Along with another man he was alleged to have set up shop on The Royal Princess – a boat in association with which two men had already pleaded guilty to charges relating to serving alcohol without a valid license, as per the headline – to take bets on races held by the Globe Rowing Club. A policeman, who had paid to board the cruise, noted “a considerable volume of business” taking place. Both men pleaded not guilty.
December 1957 – “Viaduct falls on to a Crowded Train”
Another horrible accident between St Johns and Lewisham stations. A steam train crashed into a stationary electric train, swung off the track and knocked over a viaduct – “over which another train was passing” – which then collapsed onto it. 52 were killed and hundreds injured. “It was stated that the accident was the worst in the history of the Southern Region and the former Southern Railway”, notes a lengthy report of the 5th December 1957. The Queen and Government both issued statements of sympathy for the victims. There’s a newsreel reporting the crash on Youtube, here.
October 1958 – “Bequests to Waiter and Caddie”
On Thursday 9th October 1958 the Times reported the will of one Horace Stanley Lindsay,”managing director of Linzi Dresses Limited”, who had been shot dead that July. In it he left over £240,000 – and of it “£500 to Frank Wood, of Springbank Road, Hither Green, a waiter at the Trocadero restaurant”.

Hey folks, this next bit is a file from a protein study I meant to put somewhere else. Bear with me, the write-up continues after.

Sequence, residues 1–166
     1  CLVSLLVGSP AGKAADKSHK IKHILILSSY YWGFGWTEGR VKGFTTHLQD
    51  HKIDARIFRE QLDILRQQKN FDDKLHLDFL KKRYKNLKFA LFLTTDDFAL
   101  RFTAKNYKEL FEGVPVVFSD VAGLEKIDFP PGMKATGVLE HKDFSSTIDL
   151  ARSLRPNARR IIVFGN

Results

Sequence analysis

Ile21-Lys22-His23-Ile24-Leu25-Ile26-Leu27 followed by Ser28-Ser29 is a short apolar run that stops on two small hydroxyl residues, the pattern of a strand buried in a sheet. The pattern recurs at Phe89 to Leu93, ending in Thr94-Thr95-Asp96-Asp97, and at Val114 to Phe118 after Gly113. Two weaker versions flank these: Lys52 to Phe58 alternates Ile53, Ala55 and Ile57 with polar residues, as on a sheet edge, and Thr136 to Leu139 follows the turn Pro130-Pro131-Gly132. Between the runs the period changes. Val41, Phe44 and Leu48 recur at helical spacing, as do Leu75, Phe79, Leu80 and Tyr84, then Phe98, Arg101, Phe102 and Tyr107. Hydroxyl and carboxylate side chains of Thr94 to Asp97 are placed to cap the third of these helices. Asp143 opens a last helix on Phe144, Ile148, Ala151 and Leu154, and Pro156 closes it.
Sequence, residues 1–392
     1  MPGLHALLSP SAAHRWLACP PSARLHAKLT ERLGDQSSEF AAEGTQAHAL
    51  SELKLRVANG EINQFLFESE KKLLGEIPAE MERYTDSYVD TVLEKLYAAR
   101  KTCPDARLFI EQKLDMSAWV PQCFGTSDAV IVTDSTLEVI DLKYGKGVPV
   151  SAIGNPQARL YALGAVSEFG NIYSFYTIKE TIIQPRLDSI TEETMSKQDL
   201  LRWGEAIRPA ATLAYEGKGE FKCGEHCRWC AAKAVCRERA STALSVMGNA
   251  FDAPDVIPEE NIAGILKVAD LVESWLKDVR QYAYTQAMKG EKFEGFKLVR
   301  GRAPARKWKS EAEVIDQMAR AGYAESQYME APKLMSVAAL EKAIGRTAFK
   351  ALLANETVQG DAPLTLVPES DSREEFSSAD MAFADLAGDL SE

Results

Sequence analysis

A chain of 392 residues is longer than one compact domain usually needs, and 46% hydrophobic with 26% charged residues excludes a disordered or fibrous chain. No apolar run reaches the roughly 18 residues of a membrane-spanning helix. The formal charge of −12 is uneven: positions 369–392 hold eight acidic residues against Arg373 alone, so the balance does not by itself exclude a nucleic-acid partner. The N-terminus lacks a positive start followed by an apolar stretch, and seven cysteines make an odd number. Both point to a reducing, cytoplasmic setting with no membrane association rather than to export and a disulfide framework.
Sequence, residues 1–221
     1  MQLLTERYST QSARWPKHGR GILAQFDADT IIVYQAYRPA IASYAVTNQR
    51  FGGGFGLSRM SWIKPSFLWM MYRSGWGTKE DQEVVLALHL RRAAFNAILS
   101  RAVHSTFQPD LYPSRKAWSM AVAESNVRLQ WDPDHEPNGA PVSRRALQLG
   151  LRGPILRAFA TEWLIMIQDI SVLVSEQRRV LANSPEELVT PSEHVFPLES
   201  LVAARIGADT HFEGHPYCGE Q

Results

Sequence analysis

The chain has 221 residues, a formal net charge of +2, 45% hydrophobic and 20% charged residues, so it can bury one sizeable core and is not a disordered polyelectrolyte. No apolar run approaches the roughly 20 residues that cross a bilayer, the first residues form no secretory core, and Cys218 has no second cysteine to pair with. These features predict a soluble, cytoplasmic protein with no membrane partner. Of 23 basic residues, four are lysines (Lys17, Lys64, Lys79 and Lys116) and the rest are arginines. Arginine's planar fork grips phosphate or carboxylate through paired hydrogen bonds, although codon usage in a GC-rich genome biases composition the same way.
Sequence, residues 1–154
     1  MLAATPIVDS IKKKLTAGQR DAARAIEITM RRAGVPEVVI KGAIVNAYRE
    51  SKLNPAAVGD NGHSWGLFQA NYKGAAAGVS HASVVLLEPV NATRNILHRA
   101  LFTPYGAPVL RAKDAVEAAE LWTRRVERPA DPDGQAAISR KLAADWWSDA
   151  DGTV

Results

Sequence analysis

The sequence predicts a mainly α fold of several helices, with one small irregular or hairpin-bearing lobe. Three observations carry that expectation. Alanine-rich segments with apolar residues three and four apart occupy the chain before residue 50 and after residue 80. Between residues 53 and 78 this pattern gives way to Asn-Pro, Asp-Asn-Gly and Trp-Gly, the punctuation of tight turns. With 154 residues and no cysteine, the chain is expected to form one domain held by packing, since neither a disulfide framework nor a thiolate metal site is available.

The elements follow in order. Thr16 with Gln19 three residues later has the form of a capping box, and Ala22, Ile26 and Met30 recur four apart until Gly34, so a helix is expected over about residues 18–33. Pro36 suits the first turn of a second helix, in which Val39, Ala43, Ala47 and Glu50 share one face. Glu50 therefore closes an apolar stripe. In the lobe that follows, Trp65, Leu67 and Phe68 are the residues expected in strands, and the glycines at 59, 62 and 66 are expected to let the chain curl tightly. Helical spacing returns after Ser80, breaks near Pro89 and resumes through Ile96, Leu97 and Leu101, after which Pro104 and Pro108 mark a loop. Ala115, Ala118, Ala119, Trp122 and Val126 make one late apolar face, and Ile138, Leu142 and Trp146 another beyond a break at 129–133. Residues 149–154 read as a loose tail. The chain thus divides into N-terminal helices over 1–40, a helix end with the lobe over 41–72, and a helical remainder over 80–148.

Later that month the Lee High Road appears in court reports relating to a heist during which 1.5million cigarettes were stolen – “a van was rented from a firm in Lee High Road … the next night police were keeping observation at some lockup garages in Hither Green when the hired van arrived and some cartons of cigarettes were loaded into it”. Three men were imprisoned.
November 1967 – the Hither Green rail crash
Forty-nine people died in what remains one of Britain’s worst rail disasters when the 7.43 Hastings to Charing Cross service derailed near the Hither Green depot. Ten of its twelve coaches came off the tracks, and almost 80 more people were injured. The Times’s report notes in a subhead that it took place just “(a) mile from the 1957 disaster scene”, and that “a crowd gathered at Hither Green station waiting for news”.
Newsreel from the Hither Green rail crash – Youtube
January 1969 – “Four Fires at school start Arson Enquiry”
Here’s a strange one – Higher Green Primary School, on Beacon Road, caught fire. Four times. A report of the 14th January 1969 says that “Detectives are to question 540 children … after a fire broke out there for the fourth time in three weeks” – in the last incident a classroom was badly damaged. And, it concludes, “two cars parked in the playground were damaged by vandals”.